Inpatient & Outpatient Adderall Addiction Treatment Centers

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  1. Can Adderall Abuse and Addiction be Treated?
  2. Do I Need Addiction Treatment for Adderall?
  3. Types of Treatment
  4. Dual Diagnosis Treatment: What to Expect
  5. How to Choose the Best Adderall Treatment

What Is Adderall Addiction?

Adderall is a prescription amphetamine that is indicated for the treatment of ADHD and narcolepsy, as well as treatment-resistant depression.

Unfortunately, Adderall also has a high potential for addiction.

What Is Adderall Addiction?


Can Adderall Abuse and Addiction be Treated?

Increased tolerance to Adderall can lead to use of illicit stimulants such as cocaine or methamphetamine - both stronger and less expensive than Adderall.

Woman having a heart attack

Addiction to amphetamines can take a toll on the individual in terms of physical and mental health, increasing the likelihood of:

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  • Heart attacks.
  • Stroke.
  • Major depression.
  • Drug-induced psychotic symptoms.

In terms of wider social implications, family stability can be adversely affected - compounded by professional or legal problems.

Increased tolerance to Adderall can lead to the use of "crack cocaine," or to methamphetamine ("crystal meth") - both much stronger, less expensive and potentially easier to obtain than Adderall. Use of illicit stimulants such as crack and meth have led to some of the most serious health problems worldwide, including the spread of HIV-AIDS and violent crime.

Public health costs associated with addiction will continue to rise, as there is no end in sight to the reduction in access to amphetamines.

Because of its energy-boosting effects, Adderall is often abused by students and professionals to enhance concentration, increase alertness, and help with studying. College students (18-22 years of age) report success in academics due to increased energy and capacity to work at high-energy levels that serve to increase dependence.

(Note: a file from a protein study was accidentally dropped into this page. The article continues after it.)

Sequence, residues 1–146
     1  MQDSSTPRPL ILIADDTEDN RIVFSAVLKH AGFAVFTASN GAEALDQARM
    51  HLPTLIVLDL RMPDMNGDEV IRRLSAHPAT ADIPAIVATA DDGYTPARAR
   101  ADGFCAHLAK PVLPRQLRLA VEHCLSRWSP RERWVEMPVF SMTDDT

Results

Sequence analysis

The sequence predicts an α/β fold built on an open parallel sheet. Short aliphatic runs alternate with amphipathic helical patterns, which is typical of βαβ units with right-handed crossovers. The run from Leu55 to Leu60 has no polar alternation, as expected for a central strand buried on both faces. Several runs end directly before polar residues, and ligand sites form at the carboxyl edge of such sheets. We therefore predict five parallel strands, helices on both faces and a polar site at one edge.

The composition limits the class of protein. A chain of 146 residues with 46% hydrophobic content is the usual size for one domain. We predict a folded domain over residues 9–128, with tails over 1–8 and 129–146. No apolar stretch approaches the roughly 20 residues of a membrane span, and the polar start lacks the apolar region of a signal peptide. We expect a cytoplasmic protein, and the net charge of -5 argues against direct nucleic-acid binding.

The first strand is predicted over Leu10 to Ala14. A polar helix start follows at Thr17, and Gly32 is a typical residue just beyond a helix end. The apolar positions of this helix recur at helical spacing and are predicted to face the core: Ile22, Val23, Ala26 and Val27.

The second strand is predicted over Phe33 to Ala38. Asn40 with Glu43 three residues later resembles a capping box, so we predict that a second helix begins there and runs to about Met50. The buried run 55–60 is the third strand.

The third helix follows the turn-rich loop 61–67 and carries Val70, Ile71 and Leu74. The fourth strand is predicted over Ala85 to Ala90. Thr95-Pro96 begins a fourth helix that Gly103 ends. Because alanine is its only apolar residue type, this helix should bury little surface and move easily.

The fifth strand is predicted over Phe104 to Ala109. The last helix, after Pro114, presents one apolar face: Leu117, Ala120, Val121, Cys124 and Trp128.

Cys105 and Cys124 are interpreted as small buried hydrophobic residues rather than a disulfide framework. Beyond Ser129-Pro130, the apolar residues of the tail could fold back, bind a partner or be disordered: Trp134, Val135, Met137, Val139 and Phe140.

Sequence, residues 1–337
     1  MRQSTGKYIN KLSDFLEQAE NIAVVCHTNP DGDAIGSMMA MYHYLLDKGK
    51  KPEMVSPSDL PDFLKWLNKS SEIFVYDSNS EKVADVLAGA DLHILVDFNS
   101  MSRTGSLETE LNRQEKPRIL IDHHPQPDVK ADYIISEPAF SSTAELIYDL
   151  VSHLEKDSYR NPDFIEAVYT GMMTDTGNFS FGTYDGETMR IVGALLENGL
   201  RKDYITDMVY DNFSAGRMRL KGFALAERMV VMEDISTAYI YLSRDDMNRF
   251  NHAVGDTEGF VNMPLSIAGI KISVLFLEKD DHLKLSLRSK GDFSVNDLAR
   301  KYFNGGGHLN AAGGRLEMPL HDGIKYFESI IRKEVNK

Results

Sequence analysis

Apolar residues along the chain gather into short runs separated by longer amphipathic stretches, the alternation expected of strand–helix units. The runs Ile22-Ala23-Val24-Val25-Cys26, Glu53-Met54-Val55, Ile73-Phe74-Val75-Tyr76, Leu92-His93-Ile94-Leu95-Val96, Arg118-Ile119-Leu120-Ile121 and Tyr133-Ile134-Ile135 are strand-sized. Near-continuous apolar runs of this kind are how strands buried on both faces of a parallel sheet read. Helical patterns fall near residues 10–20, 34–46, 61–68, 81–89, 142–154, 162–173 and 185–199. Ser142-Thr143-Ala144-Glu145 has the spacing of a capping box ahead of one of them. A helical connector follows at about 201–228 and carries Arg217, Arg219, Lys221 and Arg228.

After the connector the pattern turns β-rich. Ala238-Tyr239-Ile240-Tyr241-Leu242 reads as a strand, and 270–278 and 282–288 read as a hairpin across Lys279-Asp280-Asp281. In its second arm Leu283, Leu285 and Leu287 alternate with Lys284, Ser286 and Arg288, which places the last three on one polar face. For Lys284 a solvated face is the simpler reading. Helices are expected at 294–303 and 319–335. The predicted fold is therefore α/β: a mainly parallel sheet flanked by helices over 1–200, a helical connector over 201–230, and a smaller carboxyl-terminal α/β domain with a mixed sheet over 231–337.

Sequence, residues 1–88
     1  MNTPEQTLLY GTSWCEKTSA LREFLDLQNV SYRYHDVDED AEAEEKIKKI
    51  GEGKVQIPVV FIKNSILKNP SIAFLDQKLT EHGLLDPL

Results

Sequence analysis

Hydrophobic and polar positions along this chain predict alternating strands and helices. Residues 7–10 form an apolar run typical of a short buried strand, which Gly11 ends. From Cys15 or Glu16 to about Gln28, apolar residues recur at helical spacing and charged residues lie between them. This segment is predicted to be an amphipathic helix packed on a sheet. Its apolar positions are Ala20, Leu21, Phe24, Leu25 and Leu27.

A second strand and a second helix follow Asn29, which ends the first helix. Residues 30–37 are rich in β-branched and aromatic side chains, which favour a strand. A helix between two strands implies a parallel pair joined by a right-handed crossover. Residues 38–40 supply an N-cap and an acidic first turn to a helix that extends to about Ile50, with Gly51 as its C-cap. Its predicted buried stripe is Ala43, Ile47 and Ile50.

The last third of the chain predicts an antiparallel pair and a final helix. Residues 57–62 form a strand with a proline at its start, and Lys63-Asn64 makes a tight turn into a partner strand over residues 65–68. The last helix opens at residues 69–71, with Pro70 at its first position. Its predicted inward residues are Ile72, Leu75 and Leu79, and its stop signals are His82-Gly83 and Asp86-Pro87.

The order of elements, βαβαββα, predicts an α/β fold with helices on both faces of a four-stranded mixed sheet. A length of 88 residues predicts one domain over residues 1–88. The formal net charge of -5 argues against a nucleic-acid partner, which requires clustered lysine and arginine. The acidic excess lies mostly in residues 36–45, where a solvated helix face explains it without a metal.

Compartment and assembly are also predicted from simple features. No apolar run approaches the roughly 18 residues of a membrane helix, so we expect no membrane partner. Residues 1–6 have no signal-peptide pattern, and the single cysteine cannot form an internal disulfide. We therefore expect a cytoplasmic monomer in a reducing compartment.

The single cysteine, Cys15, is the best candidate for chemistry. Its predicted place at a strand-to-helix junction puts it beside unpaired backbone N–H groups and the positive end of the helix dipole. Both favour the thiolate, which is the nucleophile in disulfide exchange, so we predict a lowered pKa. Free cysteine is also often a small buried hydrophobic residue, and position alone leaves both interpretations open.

Workers on gas and oil rigs frequently use amphetamines to maintain wakefulness for work-shifts which can be as long as 48 hours, or more.

Addiction to Adderall is a chronic, relapsable illness and like other chronic diseases such as diabetes, is highly responsive to treatment.

Psychosocial Treatments

Effective, evidence-based psychosocial treatments include:

  • Cognitive behavioral therapy (CBT), which consists of positive feedback and reinforcement for behavioral change and treatment adherence.
  • Contingency management (CM), which helps to correct and replace negative and self-defeating thought processes with positive cognitive-behavioral skills essential to recovery maintenance. Family therapy has also demonstrated improved treatment outcomes. This may be because addiction is often a symptom of family conflict, and dysfunction in a family may be caused by the addiction of one family member, projected on to the family.

These counseling and behavioral therapies have been shown to reduce the use of amphetamines such as Adderall, resulting in lifestyle changes when combined with psycho-education and recovery groups such as Narcotics Anonymous (NA).

A good treatment program will include family therapy, addressing areas of healing and prevention.

Do I Need Addiction Treatment for Adderall?

If you feel that your use of Adderall has led to needing higher doses (tolerance) or feeling very bad if you stop taking it (withdrawal), you need treatment and should consider asking for help.

Withdrawal symptoms associated with Adderall/amphetamines include:

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  • Increased need for sleep, sometimes sleeping for days.
  • Increased appetite and weight gain as a result of binge eating.
  • Severe depression and suicidal thoughts.
    • The depression makes it difficult to get out of bed, take a shower, and be appropriately dressed/groomed.
    • Personal friendships and social obligations often take a hit as well. This is not laziness, but the result of withdrawal.